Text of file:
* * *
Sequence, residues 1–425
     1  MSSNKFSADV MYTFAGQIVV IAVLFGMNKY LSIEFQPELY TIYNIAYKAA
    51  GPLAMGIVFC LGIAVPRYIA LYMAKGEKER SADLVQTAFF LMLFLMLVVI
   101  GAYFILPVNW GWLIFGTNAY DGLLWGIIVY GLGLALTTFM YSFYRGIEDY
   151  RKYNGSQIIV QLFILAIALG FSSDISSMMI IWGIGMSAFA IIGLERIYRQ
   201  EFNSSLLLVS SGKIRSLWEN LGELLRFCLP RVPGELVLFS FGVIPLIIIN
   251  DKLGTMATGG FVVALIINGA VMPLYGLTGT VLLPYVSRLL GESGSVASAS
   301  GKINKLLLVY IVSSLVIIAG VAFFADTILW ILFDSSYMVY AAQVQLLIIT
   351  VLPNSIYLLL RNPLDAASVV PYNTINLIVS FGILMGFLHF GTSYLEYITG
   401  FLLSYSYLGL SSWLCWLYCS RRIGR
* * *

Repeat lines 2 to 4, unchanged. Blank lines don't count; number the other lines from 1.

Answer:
     1  MSSNKFSADV MYTFAGQIVV IAVLFGMNKY LSIEFQPELY TIYNIAYKAA
    51  GPLAMGIVFC LGIAVPRYIA LYMAKGEKER SADLVQTAFF LMLFLMLVVI
   101  GAYFILPVNW GWLIFGTNAY DGLLWGIIVY GLGLALTTFM YSFYRGIEDY